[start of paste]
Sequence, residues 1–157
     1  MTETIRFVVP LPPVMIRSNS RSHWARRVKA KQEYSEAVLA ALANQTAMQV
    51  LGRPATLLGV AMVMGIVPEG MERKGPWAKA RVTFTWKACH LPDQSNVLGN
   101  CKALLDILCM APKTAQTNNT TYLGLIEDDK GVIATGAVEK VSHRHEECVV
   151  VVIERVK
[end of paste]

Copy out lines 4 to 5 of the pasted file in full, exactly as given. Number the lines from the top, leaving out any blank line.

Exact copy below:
   101  CKALLDILCM APKTAQTNNT TYLGLIEDDK GVIATGAVEK VSHRHEECVV
   151  VVIERVK